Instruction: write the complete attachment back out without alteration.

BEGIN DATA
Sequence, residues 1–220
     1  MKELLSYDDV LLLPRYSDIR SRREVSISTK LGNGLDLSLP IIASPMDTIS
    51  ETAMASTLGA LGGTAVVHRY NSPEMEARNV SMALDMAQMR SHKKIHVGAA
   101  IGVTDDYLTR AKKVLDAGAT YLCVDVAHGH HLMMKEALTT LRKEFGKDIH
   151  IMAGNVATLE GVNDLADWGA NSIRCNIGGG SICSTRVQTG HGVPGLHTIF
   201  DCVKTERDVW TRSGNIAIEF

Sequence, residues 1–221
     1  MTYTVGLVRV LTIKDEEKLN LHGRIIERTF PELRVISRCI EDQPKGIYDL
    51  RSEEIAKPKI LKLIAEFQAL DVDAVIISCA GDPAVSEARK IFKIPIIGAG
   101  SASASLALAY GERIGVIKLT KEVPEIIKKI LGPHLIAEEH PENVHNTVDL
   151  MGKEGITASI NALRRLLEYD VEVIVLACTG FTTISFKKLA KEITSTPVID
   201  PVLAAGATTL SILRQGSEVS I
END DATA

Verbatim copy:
Sequence, residues 1–220
     1  MKELLSYDDV LLLPRYSDIR SRREVSISTK LGNGLDLSLP IIASPMDTIS
    51  ETAMASTLGA LGGTAVVHRY NSPEMEARNV SMALDMAQMR SHKKIHVGAA
   101  IGVTDDYLTR AKKVLDAGAT YLCVDVAHGH HLMMKEALTT LRKEFGKDIH
   151  IMAGNVATLE GVNDLADWGA NSIRCNIGGG SICSTRVQTG HGVPGLHTIF
   201  DCVKTERDVW TRSGNIAIEF

Sequence, residues 1–221
     1  MTYTVGLVRV LTIKDEEKLN LHGRIIERTF PELRVISRCI EDQPKGIYDL
    51  RSEEIAKPKI LKLIAEFQAL DVDAVIISCA GDPAVSEARK IFKIPIIGAG
   101  SASASLALAY GERIGVIKLT KEVPEIIKKI LGPHLIAEEH PENVHNTVDL
   151  MGKEGITASI NALRRLLEYD VEVIVLACTG FTTISFKKLA KEITSTPVID
   201  PVLAAGATTL SILRQGSEVS I